Donald Trump, the self-proclaimed “tariff man,” imposed a panoply of tariff increases in the misguided attempt to stimulate American production. However, Joe Biden, elected in large part by Trump haters, has in the words of the Orange County Register, “largely kept those tariffs in place.”
That raises the question about why parties with such sharply opposed rhetoric both sustain protectionist policies, when protectionism is just our government making war on some Americans to benefit others.
Perhaps protectionism seems attractive because its root is “protect” or “protection.”
We all want to protect ourselves and what is ours from others’ invasions of our “unalienable rights.” Since John Locke, that protection has been recognized as the primary task of any government that advances its citizens’ well-being. That is why a central federal role is national defense, to protect against foreign invasions. Similarly, police, courts and jails primarily protect citizens from neighbors’ invasions.
While they sound similar, protectionism is very different from the protections we all wish to enjoy. We all want ourselves, our property and our rights protected. National defense is to protect all of us. Police are to “protect and serve” all equally under the law. But protectionism cannot expand the protections all of us desire.
Protectionism provides special treatment for political favorites at the expense of others’ rights and well-being. In fact, it harms all American consumers not given special protection, by removing options they chose for themselves (as illustrated by the fact that undoing protectionist policies could lower prices paid by Americans at a time when rapid inflation is supposedly political topic number one), yet it persists.
I believe the underlying confusion involved is abetted by our use of the word “you” in English. Since we moved on from thou (singular) and ye (plural), you can be either singular or plural. You could say “this will protect you (singular),” meaning “it will protect the individual I am referring to, and harm others,” or it could mean “this will protect the individual I am referring to, without harming others.” The first is protectionism; the second is protection, but current usage is ambiguous.
That confusion might be partially addressed by substituting y’all for the plural form of you (an idea that at least partly traces to a recent family visit in Texas, where I heard many a y’all, which I virtually never hear in Southern California). But it would still leave an ambiguity. One could say, “this will protect y’all” and it could mean “it will protect the entire group I am referring to, and harm others,” or it can mean “it will protect the entire group I am referring to, without harming others.” Again, the first is protectionism; the second is protection, but current usage is still ambiguous.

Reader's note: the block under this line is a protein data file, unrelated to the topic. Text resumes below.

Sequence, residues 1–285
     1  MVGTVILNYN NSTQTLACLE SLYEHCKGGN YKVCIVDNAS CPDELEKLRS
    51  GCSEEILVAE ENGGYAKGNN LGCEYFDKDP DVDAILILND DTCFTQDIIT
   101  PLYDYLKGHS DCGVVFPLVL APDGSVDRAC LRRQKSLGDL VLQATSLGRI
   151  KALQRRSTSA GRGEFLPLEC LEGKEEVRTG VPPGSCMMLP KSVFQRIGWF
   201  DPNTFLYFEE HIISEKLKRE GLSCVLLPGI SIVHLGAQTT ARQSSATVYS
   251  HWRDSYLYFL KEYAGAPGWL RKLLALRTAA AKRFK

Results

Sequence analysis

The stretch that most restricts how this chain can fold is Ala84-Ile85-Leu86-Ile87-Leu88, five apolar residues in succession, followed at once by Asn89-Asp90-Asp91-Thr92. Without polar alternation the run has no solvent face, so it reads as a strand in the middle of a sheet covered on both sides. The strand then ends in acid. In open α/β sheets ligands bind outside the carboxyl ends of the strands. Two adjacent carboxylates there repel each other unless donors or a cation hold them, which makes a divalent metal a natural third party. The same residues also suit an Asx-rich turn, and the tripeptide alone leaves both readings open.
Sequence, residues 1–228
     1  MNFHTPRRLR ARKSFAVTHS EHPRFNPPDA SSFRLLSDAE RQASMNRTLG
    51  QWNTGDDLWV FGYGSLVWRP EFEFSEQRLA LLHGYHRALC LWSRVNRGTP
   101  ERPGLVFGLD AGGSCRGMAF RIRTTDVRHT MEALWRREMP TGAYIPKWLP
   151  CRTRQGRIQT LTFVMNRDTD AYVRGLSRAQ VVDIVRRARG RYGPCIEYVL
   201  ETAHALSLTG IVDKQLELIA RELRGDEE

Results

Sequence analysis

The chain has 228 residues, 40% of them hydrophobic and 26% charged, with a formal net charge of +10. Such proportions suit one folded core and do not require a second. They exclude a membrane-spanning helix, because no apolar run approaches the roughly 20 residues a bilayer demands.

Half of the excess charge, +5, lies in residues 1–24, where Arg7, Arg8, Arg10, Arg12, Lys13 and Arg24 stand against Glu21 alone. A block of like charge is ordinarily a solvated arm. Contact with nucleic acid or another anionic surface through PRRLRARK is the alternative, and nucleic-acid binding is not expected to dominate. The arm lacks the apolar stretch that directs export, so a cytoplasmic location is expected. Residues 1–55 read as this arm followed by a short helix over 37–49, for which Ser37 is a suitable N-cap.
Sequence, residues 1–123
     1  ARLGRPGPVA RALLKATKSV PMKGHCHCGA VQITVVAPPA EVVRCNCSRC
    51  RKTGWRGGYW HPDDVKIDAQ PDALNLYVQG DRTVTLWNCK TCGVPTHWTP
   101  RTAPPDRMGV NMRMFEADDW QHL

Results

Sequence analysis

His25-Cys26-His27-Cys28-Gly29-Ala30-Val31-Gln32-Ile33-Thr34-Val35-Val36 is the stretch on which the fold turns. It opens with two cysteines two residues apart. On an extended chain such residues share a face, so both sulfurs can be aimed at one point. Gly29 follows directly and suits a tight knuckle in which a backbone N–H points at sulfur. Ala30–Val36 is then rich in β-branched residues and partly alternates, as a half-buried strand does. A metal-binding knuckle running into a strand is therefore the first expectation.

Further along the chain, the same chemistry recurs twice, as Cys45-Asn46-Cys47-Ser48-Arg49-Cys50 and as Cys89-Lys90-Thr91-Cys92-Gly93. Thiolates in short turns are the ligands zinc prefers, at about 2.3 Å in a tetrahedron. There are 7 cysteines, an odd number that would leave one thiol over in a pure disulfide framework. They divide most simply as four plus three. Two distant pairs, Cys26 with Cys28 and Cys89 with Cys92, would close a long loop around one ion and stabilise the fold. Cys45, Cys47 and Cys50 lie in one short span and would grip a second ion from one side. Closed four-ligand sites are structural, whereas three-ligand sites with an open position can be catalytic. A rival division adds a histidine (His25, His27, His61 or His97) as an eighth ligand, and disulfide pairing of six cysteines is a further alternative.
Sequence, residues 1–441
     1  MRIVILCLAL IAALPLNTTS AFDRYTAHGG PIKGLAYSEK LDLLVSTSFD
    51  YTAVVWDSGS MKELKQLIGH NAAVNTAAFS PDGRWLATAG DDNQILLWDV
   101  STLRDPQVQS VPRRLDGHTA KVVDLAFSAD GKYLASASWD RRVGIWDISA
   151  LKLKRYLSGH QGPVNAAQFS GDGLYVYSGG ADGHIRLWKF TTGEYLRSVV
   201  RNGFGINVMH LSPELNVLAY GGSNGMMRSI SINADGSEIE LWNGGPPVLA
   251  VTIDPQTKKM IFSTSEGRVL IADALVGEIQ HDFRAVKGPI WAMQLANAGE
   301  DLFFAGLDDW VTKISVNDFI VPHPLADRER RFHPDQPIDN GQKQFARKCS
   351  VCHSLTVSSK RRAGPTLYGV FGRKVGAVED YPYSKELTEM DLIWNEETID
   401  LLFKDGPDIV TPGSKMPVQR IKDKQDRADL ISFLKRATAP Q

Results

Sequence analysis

Perhaps more useful would be to use y’all for the second of the two meanings above—protecting an entire group, without harming others. That would help us see that if you does not mean all in sentences such as those above, you are talking about protectionism, not defensible protection. Such policies go beyond protection of our common rights, necessarily harming some. It cannot benefit all. It restricts choices and competition, crowding out mutually beneficial arrangements for all but the specially-favored few.
That means the vast majority of Americans are left worse off by policies that can’t honestly be described as benefitting that meaning of y’all. That also leaves unanswered the question of why some deserve government-coerced charity from the rest of us. However, protectionists finesse that by focusing their rhetoric narrowly on how it will help a particular group (the you addressed), hiding the necessary harm to others from view. And they also often present it as giving the favored group “justice” from some unfair circumstance, ignoring the fact that giving favored groups such justice necessarily commits injustice against other Americans.
Given that protectionism violates the central purpose of any government, which is to benefit all its citizens, it replaces the justice of voluntary arrangements with the injustice imposed by involuntary arrangements.
Protectionism is a negation of protection for all. Herbert Spencer thought it should be called aggressionism instead, to remind people that it is inconsistent with the natural rights Americans’ government was to defend. And aggressionism does describe what has become in many ways the essence of our government’s actions: violating some citizens’ rights–violating justice–to expand others’ claims beyond what is consistent with justice. And it can be simply recognized by asking whether “this will protect you better” can be replaced with “this will protect all better.” The frequency of “no” answers to that simple question would certainly be depressing, but it could help deflate the massively harmful and widely metastasized role of (rule of) government in our lives.